On October 2 at the Belasco Theater, like before a taping in front of a live studio audience, Annie Clark was introduced: “Ladies and gentlemen, St. Vincent.” People stood and applauded probably in a way to show respects, but also because the show was being filmed. This evening was a bit different from a typical St. Vincent show. Anyone that has seen her knows very well her impeccable guitar talents, but there were no guitars that night. Instead, the Belasco provided an intimate setting for a crowd in fold-out chairs. And though a St. Vincent show, it seemed more like an Annie Clark show whereby she played stripped St. Vincent songs. This may have been because she was accompanied only by Thomas Bartlett, her friend of approximately 10 years, on a piano.
In front of a grand, cascading red curtain and illuminated by fairly simple lighting, Clark began with “Hang on Me” from her most recent album, Masseduction. In fact, 12 of the songs in the set would be from the 2017 album. Like her piano partner, Clark wore all black. However, instead of pants and a t-shirt, she wore an understated cabaret-like outfit, her dark hair slicked to the sides. She had no mic stand, only a cord to occasionally swing or wrap around her hand.
Before continuing with “Savior,” Clark told a story from early in her friendship with Bartlett. She explained he told her that “like I know we’ll sleep together someday and be best friends.” She found it charming. And throughout much of the set, she teased Bartlett in only the way very good friends can. Nevertheless, among the teasing were compliments. At one point, she said she found her place in New York because of Bartlett: “I just have to thank him because he introduced me to so many downtown freaks.”
Despite the heaviness of the songs, with admitted depressing subjects and a pinging, swelling piano, Clark consistently kept spirits high with witty banter and detailed song introductions. For “Cheerleader,” she quipped, “I guess we just keep playing songs… The next song, it feels sort of timely. I think there’s a new Bring It On 4. Not for any other reason.” In moving into “Los Ageless,” she noted, “This one’s perfectly for you. All of you.” Clark really dove into dark humor. She told a story of having to answer her little brother how their family dog died. Slightly off-topic, Clark declared dogs are for emotional needs and that it is unnecessary to have a very smart dog: “What do you guys want? A fucking scholar?” She eventually reached the story climax–that her brother wondered if the dog died on the cross like Jesus. This segued into “I Prefer Your Love,” from 2014’s St. Vincent.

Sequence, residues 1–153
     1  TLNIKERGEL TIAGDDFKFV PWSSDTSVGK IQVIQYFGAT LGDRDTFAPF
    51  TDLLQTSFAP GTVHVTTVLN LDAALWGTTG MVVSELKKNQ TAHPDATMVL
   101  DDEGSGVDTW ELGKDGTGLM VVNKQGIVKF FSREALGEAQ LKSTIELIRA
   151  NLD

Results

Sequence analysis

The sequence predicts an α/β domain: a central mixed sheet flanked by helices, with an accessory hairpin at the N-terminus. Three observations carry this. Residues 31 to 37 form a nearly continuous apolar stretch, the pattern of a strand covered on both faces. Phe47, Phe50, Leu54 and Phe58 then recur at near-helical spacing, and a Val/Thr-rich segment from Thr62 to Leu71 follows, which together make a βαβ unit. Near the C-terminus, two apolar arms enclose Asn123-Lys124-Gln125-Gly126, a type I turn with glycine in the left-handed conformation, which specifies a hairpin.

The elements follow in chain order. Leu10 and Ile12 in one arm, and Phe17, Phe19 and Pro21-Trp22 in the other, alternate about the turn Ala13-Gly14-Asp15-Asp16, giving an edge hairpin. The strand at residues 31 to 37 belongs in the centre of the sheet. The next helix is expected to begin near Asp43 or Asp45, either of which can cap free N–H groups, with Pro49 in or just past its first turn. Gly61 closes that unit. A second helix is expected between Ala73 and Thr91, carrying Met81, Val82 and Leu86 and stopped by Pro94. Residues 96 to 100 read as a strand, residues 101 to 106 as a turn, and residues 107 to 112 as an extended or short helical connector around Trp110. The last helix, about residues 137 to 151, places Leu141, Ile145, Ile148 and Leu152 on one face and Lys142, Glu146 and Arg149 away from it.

Such stories balanced the effect the songs could have, whether a moment of an inflating piano sound or her exposed soprano. Perhaps the most interesting story of the night came at the end when Clark went through various mini-plots to explain the name of “Slow Disco.” One day she texted Wendy Melvoin of The Revolution, asking what she was working on. “I’m working on some slow discos,” Melvoin replied. Clark knew she would one day have to use “slow disco” in a song. She and Bartlett then performed the third manifestation of the song. Before, it had come as “Slow Disco,” a more dramatic, but still slow rendition on Masseduction. This year, she released “Slow Fast Disco,” a sped up, groovier version. And now came the piano rendition.
Clark and Bartlett left the stage for a moment and returned for, as Clark denoted, “the nemesis song.” She was, of course, referring to “New York.” Though the encore was just one song, the audience was in for a surprise upon exit. Letters being handed out announced a new album, MassEducation, due October 12. The album will be a reimagining of Masseduction, which she recorded with Bartlett. As the letter explains, she and Bartlett recorded each song two or three times and chose whichever take was best for the album: “It was fast. Intuitive. Discovered. Raw.” Much like the night at the Belasco, as Clark wrote, the album is “two dear friends playing songs together with the kind of secret understanding one can only get through endless nights in New York City.”
- Hang on Me
- Fear the Future
- Smoking Section
- Los Ageless
- Prince Johnny
- The Bed
- Young Lover
- I Prefer Your Love
- Happy Birthday, Johnny
- Court and Spark (Joni Mitchell cover)
- Slow Disco
- New York
Photo Credit: Owen Ela